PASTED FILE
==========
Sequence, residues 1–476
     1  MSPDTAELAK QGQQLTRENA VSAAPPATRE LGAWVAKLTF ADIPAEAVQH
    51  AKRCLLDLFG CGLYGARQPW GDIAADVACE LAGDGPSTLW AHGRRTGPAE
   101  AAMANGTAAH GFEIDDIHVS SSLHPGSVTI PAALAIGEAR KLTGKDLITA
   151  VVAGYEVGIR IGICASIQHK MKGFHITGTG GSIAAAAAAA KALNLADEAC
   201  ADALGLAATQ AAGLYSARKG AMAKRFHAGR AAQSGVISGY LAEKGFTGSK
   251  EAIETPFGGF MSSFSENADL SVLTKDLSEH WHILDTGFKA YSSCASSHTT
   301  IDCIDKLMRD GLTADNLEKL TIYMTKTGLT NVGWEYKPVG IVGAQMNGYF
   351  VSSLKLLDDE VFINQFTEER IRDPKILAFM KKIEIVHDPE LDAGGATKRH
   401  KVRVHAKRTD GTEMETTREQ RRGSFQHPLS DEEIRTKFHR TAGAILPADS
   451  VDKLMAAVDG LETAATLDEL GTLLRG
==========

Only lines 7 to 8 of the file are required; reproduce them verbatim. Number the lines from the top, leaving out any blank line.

   251  EAIETPFGGF MSSFSENADL SVLTKDLSEH WHILDTGFKA YSSCASSHTT
   301  IDCIDKLMRD GLTADNLEKL TIYMTKTGLT NVGWEYKPVG IVGAQMNGYF